Difference between Initial Capital Improvements and Reserves for Capital Improvement:

The Initial Capital Improvements are items that you will do within the first 12 to 18 months of ownership to improve or repair the asset.  Often the lender will want to see this money in a reserve account prior to approving the loan.

Reserves for Capital Improvement are funds you are setting aside to insure the ongoing integrity of the asset.

Initial Capital Improvements will depend on the current condition of the property however the following are guidelines for a few commercial products.

Capital Expense Reserves:

  • Apartments: $300 per unit per year
  • Retail:  between 3-5% of Effective Gross Rent
  • Office: between 3-5% of Effective Gross Rent
  • Industrial: between 2-4% of Effective Gross Rent

*A conduit loan may be .15 per sq. ft. per year for Office and Industrial

  • Self-Storage: between 3-5% of Effective Gross Rent
  • MHP: between 3-5% of Effective Gross Rent

One final item to remember is the importance of professional management in securing your financing.  Even if you plan to self manage your onsite personnel, please build in approximately 5% of the EGR for asset management.  If the lender will consent to self-management, the money is in the budget to compensate you. If they require licensed approved management, you have the funds to cover the expense.

Diane Bowman
Rich Dad Education Elite Commercial Course Instructor

Commercial Lease Terms for Due Diligence

Commercial Lease Terms

Commercial Lease Terms

When you purchase commercial real estate you are purchasing the leases that are already in place.  In order to properly evaluate the investment, I have highlighted a few terms to assist you with the analysis.

Rent Types:

Gross vs Net:  Look at this the way you would look at your paycheck.  When a lease is a Gross lease you as the landlord still need to pay expenses such as repairs, and taxes and insurance from the rent you receive.

With a Net lease the tenant pays rent plus additional costs so you as the landlord are able to keep all the rent charged.   From a Due Diligence standpoint it is important for you to understand exactly what is to be paid by the tenant and what is to be paid by the landlord. The most common types of Net Leases are a single Net, which means the tenant will pay either Common area maintenance, real estate taxes, or building insurance.  Double Net or NN is when the tenant pays two of the above, and triple net is when the tenant is responsible for a share of all three.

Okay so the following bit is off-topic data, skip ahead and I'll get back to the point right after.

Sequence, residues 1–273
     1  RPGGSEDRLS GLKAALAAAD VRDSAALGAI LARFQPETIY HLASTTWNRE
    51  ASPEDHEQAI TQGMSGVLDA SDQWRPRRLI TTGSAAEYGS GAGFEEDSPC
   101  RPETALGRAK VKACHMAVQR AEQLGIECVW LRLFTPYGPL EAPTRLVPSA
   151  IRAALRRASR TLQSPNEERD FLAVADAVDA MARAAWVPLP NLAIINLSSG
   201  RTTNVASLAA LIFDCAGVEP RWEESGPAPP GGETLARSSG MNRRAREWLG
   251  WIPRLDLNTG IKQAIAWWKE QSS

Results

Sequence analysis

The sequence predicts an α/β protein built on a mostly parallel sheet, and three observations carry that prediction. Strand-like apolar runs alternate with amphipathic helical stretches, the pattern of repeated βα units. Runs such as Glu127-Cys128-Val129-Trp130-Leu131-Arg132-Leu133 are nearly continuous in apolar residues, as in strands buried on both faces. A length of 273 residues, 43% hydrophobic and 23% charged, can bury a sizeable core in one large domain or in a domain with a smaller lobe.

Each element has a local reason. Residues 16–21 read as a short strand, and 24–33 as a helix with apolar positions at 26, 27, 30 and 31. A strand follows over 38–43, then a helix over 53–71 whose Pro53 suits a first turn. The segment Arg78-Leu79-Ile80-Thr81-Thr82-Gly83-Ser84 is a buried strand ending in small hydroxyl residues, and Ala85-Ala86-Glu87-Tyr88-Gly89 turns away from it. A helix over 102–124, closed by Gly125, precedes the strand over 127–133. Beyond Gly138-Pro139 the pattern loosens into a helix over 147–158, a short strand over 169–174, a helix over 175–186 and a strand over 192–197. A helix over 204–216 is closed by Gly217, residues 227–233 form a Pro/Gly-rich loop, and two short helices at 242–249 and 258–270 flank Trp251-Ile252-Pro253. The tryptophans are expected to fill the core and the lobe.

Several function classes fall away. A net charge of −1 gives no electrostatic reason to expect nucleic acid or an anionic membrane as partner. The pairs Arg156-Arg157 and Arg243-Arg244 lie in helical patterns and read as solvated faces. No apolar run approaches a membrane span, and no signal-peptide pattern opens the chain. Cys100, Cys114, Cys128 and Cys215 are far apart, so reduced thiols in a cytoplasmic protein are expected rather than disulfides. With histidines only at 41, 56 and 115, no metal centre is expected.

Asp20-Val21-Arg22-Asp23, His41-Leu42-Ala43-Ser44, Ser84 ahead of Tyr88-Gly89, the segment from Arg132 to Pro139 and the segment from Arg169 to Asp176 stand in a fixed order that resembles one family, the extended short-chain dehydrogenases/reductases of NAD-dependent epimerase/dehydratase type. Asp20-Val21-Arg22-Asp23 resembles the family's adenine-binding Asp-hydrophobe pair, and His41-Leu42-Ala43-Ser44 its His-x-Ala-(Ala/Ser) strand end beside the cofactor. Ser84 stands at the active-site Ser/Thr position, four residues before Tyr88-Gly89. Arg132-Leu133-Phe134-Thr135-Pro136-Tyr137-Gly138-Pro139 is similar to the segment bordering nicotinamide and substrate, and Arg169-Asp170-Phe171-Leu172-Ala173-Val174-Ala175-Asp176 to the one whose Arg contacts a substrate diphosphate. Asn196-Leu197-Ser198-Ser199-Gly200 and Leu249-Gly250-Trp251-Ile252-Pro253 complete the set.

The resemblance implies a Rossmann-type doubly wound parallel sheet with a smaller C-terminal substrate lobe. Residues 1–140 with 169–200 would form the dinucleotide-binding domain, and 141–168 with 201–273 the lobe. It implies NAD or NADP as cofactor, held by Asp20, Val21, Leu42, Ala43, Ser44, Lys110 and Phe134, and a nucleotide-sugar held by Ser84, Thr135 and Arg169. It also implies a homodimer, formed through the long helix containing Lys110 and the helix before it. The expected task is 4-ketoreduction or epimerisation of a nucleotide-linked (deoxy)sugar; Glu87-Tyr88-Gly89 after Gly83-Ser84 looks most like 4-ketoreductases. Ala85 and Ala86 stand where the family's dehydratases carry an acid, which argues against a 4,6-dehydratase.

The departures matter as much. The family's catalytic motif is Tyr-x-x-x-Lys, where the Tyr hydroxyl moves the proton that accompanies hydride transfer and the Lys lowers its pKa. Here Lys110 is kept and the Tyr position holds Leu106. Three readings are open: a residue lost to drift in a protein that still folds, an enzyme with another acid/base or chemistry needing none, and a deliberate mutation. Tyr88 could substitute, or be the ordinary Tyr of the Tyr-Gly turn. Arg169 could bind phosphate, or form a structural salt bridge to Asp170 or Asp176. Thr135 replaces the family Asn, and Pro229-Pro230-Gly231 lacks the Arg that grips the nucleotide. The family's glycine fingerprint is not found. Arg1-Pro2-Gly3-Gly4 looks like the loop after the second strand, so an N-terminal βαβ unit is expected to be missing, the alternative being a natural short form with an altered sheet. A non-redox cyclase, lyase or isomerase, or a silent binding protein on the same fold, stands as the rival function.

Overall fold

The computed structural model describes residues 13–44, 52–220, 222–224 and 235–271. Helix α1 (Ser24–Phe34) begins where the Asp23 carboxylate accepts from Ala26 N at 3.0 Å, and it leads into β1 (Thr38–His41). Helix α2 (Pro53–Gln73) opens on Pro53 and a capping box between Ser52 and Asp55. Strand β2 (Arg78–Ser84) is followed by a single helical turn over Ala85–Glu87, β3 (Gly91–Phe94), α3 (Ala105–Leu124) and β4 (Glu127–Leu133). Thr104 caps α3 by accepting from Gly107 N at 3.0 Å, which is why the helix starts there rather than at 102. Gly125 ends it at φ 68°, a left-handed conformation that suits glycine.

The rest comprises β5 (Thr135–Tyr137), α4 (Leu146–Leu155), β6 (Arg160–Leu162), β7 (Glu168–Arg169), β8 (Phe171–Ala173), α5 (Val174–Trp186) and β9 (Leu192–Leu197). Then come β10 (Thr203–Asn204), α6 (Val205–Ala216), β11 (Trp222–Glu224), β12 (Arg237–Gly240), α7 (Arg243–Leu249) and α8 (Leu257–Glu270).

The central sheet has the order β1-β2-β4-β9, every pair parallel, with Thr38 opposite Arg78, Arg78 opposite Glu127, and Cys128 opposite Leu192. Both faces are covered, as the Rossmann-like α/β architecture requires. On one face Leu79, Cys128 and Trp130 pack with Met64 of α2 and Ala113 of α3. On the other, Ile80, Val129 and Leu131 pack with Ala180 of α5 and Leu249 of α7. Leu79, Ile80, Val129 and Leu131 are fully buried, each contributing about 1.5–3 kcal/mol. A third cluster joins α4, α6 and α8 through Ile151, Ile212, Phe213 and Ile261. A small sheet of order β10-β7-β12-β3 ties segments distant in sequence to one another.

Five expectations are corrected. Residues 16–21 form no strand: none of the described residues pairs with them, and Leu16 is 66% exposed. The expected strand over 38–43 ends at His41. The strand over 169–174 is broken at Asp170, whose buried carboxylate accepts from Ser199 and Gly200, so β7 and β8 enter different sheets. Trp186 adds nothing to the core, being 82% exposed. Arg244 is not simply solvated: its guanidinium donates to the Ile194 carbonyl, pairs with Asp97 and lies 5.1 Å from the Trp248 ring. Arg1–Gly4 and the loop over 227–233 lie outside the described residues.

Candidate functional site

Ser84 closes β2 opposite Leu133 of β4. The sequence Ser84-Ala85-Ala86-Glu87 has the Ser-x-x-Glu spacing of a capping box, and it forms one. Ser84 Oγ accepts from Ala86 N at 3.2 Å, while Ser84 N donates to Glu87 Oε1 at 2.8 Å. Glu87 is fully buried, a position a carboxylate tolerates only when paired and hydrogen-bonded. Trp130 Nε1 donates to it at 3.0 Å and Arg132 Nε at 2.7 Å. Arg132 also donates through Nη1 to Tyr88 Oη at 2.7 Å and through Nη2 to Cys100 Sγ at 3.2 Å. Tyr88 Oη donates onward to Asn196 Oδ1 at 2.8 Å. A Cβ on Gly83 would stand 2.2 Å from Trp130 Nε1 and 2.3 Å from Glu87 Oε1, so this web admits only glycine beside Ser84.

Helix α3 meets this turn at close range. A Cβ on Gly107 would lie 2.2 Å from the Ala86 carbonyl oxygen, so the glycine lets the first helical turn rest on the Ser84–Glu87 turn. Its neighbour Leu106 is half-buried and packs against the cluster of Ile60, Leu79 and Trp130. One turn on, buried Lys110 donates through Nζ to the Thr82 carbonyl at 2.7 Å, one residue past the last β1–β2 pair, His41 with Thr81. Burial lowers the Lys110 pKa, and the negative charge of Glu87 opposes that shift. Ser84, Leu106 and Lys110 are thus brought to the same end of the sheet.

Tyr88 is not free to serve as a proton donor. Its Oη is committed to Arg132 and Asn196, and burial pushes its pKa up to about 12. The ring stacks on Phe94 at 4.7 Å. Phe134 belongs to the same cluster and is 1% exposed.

Lease Length:

This is definitely a case where not everything you see is what you get.  You may have a lease that appears to be a five-year lease, but on closer examination you will see that it is really a two-year lease commitment and the tenant has the right to renew for 3 one-year periods, but not the obligation!

For instance the lease may say the tenant has a five-year lease through 2018.  When you read the lease it states that the tenant agrees to lease the space through 2015 and reserves the right to 3 one-year renewals through 2018.  What that means to you is that the tenants have locked you into a lease agreement long term and have given themselves the ability to cancel after two years.


As an Owner we typically want three types of insurance.  Replacement insurance to replace structures or equipment, liability insurance to protect from the operation or an accident, and income replacement insurance that will replace lost income from an insurable claim.  In order for you to get accurate quotes from your insurance agent, you will need to know what insurance your tenants are required to carry.  By example, if the lease states that your tenants are required to carry 3 million dollars of liability insurance you cannot purchase a policy that requires them to have 5 million.  You will also need to know what your lease states that the landlord and tenant obligations and rights are if the rental unit cannot be occupied.  This will make a difference in the type of income replacement insurance you may purchase.

Early Termination:

The “Break Clause” allows either party to terminate the lease early under certain conditions. By example, some well-known national tenants will sign long term leases but will build in a termination clause after 3 years.  This clause will allow the tenant to evaluate the market and determine if it is better to pay a fee, close up operation and move on or to continue the lease.

In most cases the termination fee should be significant in order to force the tenant to only terminate the lease under extreme circumstances.  I have, however, seen a few leases where the termination fee was as little as six months.

While the Break clause may sound scary it may also be used by landlords to eliminate tenants that are not adding value to a property.  This is especially true of a retail tenant.  Very often retail leases have performance clauses that state if the sales of a tenant drop below a pre-established amount, the landlord has the right but not the obligation to terminate the lease.


As a landlord you will want a subordination clause that states, “The tenants subordinate their rights to allow future financing and sale of the building.” Most lenders will not look at financing a property unless this clause exists because the Mortgage would then be in second position to the leases.

Holding Over: